The portrait of Rav Ovadia Yosef’s family that hit the web this week was surprising not only because it is rare example of the rabbi without his characteristic dark glasses and long dress. Most surprising is his wife’s apparel: her hair, neck and collarbone are all exposed.
There has been some speculating as to why the rabbi “allowed” his wife to dress this way, some six decades ago when he was chief rabbi of Egypt. However, according to the Jewish Women’s Archives, Yosef has always had something of a mixed record on women’s issues from an Orthodox perspective. On the permissive side, he ruled that women should have a bat mitzvah ceremony, can be radio broadcasters and even wear pants under certain circumstances. On the restrictive side, he has also made some outrageous statements, especially on the hair-covering issue, having announced several years ago that women who wear hair-like wigs instead of scarves and hats will burn in hell — or at least in the world to come — along with their sheitels.
Still, I think that this mixed record is not as interesting as the evidence of historical evolution. It is clear that the way his wife covered her hair back then is considered unacceptable today by his family and followers. In other words, times have changed, as tends to happen.
This point that rules of body cover have gotten more restrictive over the years should sound obvious to most of the American Orthodox community. A browse through the photo archives of any Orthodox synagogue in America will undoubtedly reveal bare-headed rebbetzins — even in sleeveless tops and short skirts. The Young Israel congregation in which I grew up used to line the lobby hallway with such photos. Today the neighborhood is dominated by black hats and wigs.
Indeed, social evolution of Orthodox dress codes — a process that happens in every culture that has ever existed — would not be such a surprising finding had it not been for the accompanying narrative of divine imperative. It’s because rabbis try to tell us that women’s head covering is God’s will. It’s also the entire deceptive discourse shrouded in the fallacious idea that this is somehow an immutable expression of divine law. As if. Clothing changes as do social sensibilities, and the Orthodox community ought to recognize that.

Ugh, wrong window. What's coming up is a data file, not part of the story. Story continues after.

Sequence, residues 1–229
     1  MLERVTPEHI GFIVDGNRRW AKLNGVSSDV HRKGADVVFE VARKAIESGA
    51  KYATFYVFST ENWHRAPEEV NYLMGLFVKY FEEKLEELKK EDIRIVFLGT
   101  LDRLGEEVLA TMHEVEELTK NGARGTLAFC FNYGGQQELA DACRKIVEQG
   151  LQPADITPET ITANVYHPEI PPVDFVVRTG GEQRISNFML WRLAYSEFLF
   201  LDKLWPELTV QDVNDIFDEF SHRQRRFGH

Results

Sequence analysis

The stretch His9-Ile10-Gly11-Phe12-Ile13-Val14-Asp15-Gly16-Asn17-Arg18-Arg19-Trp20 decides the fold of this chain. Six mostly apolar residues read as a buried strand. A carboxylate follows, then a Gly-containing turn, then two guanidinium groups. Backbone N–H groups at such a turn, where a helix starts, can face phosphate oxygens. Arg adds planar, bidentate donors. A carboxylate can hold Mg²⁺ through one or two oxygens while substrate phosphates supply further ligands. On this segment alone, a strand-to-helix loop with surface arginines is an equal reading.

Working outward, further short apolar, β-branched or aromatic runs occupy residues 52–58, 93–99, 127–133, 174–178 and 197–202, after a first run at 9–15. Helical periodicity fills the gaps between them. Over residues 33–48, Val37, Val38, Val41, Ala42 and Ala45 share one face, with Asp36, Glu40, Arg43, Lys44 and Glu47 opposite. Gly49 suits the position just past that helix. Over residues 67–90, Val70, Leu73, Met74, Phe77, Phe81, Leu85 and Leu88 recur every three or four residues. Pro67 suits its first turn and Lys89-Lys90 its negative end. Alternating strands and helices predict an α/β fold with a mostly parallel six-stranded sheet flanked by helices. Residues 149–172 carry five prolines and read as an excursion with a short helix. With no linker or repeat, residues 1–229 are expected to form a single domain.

It’s not just that female body cover in Orthodoxy has evolved, but that it has become more and more extreme to the point of obsessiveness and even violence (see: Beit Shemesh). What we are witnessing in the Orthodox community is not the process of more people becoming more devout but rather more and more people becoming a bit crazy about the issue of female body cover.
All this raises the important question of why? Why is female body cover seen as the be-all-and-end-all of Jewish observance in so many circles?
I have some theories. One is that these are external identity markers, like a university sweatshirt, a way to easily identify one’s belonging to a group. It’s very comforting for people to have such a tight sense of allegiance. It helps people avert the insecurity that comes with having to walk through life on one’s own. In some ways it is the antithesis of loneliness and aimlessness, two very painful human conditions. So by putting on a particular uniform and living among people who all wear the same uniform and live by the same codes, one is able to live with a certain social comfort, the ability to wake up in the morning and know where one belongs.
There is also a particularly competitive dynamic in Orthodoxy that places a role. In my book, “The Men’s Section,” I wrote extensively about the “man-on-man gaze,” about the ways in which members of the Orthodox community watch and judge one another based on external markers like dress codes and time of arrival at shul. Clothing gives people an easy way to judge one another, and to judge where they are in relation to one another, even on such esoteric and seemingly personal issues as religiousness.
Finally, there is the obvious gender factor. There is an enormous desire in the community to control women’s sexuality and overall behavior. This is not all that different from dynamics in some other religions (Islam and the American Christian right come to mind). This is about men creating cultural rules for themselves based on how much control over they have over women in order to retain their own power and status quo. Perhaps it’s a response to women’s liberation. As Ahasverus said in the Book of Esther, the wrath of the King whose wife refused to obey him must be known throughout the land, “so that every man dominate in his household and speak according to the language of his nationality.”
When I think about Orthodoxy’s trend toward restrictiveness, I cannot help but worry about women’s lives. I just hope that images like this one of Ovadia Yosef’s wife showing some hair and skin will remind some people that the path to righteousness does not include controlling women.
Elana Sztokman blogs at A Jewish Feminist.